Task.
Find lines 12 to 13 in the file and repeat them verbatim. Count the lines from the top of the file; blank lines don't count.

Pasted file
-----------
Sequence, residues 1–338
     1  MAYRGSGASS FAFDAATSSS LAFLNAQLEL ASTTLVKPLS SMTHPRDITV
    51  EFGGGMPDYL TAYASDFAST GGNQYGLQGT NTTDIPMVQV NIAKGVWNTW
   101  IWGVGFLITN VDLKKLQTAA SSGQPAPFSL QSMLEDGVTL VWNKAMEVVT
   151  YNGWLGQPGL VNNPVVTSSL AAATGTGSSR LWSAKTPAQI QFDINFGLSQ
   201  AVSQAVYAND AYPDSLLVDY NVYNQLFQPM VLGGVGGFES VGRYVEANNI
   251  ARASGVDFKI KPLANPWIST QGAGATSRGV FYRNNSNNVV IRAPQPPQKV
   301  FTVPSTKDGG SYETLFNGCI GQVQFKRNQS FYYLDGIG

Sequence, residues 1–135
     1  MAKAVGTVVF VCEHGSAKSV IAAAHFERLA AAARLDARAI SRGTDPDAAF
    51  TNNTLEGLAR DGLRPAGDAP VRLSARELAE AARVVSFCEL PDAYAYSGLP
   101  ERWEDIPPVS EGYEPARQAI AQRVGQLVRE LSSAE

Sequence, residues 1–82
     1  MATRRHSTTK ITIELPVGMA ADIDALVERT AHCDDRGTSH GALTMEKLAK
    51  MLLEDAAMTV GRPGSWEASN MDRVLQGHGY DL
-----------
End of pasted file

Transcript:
   101  ERWEDIPPVS EGYEPARQAI AQRVGQLVRE LSSAE

Sequence, residues 1–82